Jill: You know? I have to say, because I’m not going to go political, I’m not political, but with all the stuff going on right now and Donald Trump, and they’re looking at his money and everything like that, come on everybody. The guy has always had money. Do we really need to get picky about … Whatever people, I think, are digging for, they’re not going to fine.

Steve: Or, they’re going to find it.

Jill: We all know it anyway.

Steve: It’s not so much what they … Here’s what I think, and I don’t care about Donald Trump one way or the other, I have no opinion, really don’t care, and I know you don’t either, Jill.

Jill: No.

Steve: This isn’t a plug for him, or politicians or any … or it’s not. It’s just an example. Look, everybody has stuff in their past. Every single person, I don’t care who you are. It’s how you deal with it when it comes up. If you fall apart and start lying and lying after lying, or if you man up about it immediately and say, “You know what? I don’t really remember that. I haven’t done my tax returns since 1882, but I’m going to look into this. Thank you for telling me. It this is actually true, what you’re saying, then damn it, I’m going to make an announcement about it and I’m going to make it right.”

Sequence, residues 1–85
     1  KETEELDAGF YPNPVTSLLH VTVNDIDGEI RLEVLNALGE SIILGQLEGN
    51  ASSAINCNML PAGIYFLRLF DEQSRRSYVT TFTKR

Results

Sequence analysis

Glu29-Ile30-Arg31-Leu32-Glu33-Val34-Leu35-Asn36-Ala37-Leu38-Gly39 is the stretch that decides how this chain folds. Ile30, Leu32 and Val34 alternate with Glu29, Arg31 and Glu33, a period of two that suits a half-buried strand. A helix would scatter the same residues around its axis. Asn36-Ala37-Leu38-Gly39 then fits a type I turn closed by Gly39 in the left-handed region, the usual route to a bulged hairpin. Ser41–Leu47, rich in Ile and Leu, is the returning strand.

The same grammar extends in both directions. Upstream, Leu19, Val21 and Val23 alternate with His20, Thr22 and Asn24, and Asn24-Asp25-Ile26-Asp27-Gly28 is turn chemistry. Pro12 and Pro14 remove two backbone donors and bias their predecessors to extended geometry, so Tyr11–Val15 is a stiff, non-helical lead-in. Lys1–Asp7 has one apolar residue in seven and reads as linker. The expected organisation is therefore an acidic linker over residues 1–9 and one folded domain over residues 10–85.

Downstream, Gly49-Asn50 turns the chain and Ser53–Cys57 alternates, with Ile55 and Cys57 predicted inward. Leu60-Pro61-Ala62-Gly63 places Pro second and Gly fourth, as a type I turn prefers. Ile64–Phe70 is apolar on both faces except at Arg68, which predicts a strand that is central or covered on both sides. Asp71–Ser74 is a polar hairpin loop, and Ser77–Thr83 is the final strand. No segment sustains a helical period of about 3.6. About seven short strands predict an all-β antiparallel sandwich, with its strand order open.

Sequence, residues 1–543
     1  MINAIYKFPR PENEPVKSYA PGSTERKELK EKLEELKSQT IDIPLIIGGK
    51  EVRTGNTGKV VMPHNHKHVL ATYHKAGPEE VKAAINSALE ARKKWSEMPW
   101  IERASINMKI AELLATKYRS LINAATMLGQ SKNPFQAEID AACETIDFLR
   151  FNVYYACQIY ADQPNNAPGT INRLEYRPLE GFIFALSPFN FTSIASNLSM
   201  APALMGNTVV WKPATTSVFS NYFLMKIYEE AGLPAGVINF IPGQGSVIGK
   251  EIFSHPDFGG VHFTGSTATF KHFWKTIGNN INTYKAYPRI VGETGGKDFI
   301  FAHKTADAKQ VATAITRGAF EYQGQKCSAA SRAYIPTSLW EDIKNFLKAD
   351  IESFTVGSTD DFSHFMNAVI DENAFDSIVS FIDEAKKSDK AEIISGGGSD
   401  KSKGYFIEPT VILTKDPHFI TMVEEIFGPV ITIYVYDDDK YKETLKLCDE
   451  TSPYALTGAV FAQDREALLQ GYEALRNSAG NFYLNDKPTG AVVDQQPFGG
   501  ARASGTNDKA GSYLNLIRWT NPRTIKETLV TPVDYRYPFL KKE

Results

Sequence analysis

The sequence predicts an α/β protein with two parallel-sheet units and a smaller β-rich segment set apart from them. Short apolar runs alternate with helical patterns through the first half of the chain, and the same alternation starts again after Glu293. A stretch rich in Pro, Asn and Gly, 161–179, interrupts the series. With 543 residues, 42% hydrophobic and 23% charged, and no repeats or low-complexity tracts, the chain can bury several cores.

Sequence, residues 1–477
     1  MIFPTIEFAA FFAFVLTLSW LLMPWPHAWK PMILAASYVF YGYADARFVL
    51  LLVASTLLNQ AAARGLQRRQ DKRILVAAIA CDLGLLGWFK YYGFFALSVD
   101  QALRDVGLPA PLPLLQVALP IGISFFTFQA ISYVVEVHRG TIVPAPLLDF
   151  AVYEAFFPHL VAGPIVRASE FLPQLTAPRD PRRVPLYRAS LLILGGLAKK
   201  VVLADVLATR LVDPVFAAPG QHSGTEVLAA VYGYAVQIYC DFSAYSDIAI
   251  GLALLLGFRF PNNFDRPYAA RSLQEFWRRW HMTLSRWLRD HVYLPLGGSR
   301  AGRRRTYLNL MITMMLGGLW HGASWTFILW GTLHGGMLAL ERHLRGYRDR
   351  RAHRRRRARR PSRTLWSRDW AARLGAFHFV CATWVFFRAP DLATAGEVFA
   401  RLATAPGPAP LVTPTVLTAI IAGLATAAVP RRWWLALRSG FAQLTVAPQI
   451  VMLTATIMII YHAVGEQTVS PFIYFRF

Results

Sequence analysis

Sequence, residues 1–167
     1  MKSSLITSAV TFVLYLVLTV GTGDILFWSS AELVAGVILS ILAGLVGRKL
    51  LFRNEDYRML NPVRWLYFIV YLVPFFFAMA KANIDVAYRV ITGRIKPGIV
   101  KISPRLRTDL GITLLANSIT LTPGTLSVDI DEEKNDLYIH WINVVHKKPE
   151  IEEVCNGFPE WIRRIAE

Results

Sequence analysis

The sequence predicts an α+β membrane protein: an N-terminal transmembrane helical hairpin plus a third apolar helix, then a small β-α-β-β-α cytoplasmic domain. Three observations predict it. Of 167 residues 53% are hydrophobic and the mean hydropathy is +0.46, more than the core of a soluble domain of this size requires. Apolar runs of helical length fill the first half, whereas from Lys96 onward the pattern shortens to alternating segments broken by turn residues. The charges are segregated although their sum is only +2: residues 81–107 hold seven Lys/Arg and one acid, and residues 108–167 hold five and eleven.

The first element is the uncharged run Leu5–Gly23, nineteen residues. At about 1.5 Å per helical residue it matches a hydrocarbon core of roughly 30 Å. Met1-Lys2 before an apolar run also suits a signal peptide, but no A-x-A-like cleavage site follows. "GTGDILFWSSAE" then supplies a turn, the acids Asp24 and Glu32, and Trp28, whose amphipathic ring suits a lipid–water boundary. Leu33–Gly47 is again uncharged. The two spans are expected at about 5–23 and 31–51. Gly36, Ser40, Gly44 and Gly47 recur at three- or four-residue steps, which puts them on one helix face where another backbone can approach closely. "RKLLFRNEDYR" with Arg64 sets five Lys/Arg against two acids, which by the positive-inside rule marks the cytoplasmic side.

Jill: I’m going to fix it.

Steve: That’s what people should … Because stuff happens.

Jill: That’s true.

Steve: It’s all how you manage the crazy … whatever.

Jill: You and I know, with our friends, and with us, the bigger your company gets, the less control you have over a lot of that stuff. Even though it’s a tough one. We’ve all heard of people like rock stars and their managers taking all their money and they had no idea.

Steve: Yeah, geez, what is that?

Jill: What’s that?

Steve: That’s crazy.

Jill: I know, isn’t that sad. That’s like your best friend right there too. That really breaks my heart.

Steve: We all know people who are married to other people that just one person handles all the money and the other person has no idea.

Jill: Sure.

Steve: That scares me too.

Jill: Exactly, that’s what I was …

Steve: Here’s another funny thing since we’re talking about political candidates. This whole Hillary Clinton’s server in my closet, you know that server in my closet thing? Again, I don’t care about Hillary Clinton. I’m not going to vote either way on any of this stuff. It’s just using it as an example. Jill, where is your …

Jill: Where’s my server?

Steve: … where is your email hosted?

Jill: Yeah, I don’t know.

Steve: Where is the server, the physical server, that hosts that email?

Jill: I have no idea.

Steve: I don’t either.

Jill: I would not, especially at her level. She doesn’t know.

Steve: It cracks me up that people are like, “Well, she knew all this stuff.”

Jill: No, she didn’t.

Steve: Plus, she’s like what? 65?

Jill: Yeah, [inaudible 00:08:05].

Steve: She probably doesn’t even know what a server is.

Jill: Exactly. You said, “GoDaddy,” she’d be like, “What?”

Steve: My core logic.

Jill: Right. What? Yes, in their defense. All right, so what are the rules to live by, Steven?